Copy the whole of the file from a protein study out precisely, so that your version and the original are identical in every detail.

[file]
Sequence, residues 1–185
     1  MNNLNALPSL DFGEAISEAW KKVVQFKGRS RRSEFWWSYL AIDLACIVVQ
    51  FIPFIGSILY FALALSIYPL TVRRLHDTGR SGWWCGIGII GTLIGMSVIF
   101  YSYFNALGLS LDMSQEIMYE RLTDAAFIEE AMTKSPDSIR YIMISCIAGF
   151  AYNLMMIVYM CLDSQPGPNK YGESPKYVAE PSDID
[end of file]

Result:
Sequence, residues 1–185
     1  MNNLNALPSL DFGEAISEAW KKVVQFKGRS RRSEFWWSYL AIDLACIVVQ
    51  FIPFIGSILY FALALSIYPL TVRRLHDTGR SGWWCGIGII GTLIGMSVIF
   101  YSYFNALGLS LDMSQEIMYE RLTDAAFIEE AMTKSPDSIR YIMISCIAGF
   151  AYNLMMIVYM CLDSQPGPNK YGESPKYVAE PSDID